Constricting the Lord's generous gifts
I WAS SURPRISED IO read that Fr Kit Cunningham (Charterhouse Chronicle, Catholic Herald, I I August) considers that the bishops (with the approval of the Vatican) have "lessened the value of celibacy as a hallmark of the priesthood" by allowing the ordination of married convert Anglican clergy. His argument is not easy to follow.
There is an excellent precedent for the course of action adopted by the hierarchy. We know that at least one married man, St Peter, was invited to the Last Supper and given the power to celebrate the Eucharist by Jesus, while St Paul saw no problem in a possible candidate for bishop being a married man. In the New Testament, the vocation to celibacy for the sake of the kingdom is presented as a completely separate calling, a unique vocation in its own right, given only to certain individuals: "It is not everyone who can accept what I have said, but only those to whom it is granted," (Matthew 19/11). St Paul also sees it as an invitation issued to certain individuals by God, certainly not to be forced on anybody: "I should like everyone to be like me (ie celibate), but everyone has his own panicular gifts from God, one with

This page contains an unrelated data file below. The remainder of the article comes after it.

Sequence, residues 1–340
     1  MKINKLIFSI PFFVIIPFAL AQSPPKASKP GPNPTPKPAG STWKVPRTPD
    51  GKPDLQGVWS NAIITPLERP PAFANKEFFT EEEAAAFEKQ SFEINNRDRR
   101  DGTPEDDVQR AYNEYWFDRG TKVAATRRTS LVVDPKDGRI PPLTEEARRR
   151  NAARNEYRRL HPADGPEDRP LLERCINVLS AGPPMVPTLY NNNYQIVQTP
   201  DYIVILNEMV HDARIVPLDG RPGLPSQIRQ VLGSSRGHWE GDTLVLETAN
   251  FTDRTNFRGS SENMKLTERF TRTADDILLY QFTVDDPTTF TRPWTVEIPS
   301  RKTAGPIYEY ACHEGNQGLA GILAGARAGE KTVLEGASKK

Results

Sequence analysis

a gift for one thing, another with a gift for the opposite."
In subsequent history, the Church eventually combined the two vocations together for priests of the Latin rite, and it has remained so until our day. But one can hardly speak of celibacy as being the "hallmark" of the priesthood without somehow downgrading the priesthood of St Peter, the clergy of the Eastern Church, et alia.
The bishops should be praised for their flexible attitude to this law of the Western Church, an attitude rooted in the spirit of the Second Vatican Council, motivated, not as Fr Cunningham would have us believe, by a shortterm answer to the present shortage of priests, but rather as a means of gladly accepting as a gift for the Catholic Church in our country the pastoral experience and special charism of these converts.
A Church which excluded all exceptions to its laws would no doubt be neater, more orderly, and easier to run, but would it not thereby run the risk of constricting the Lord's generosity when he has new and exciting things in store for us?
Fr Vincent O'Toole Rome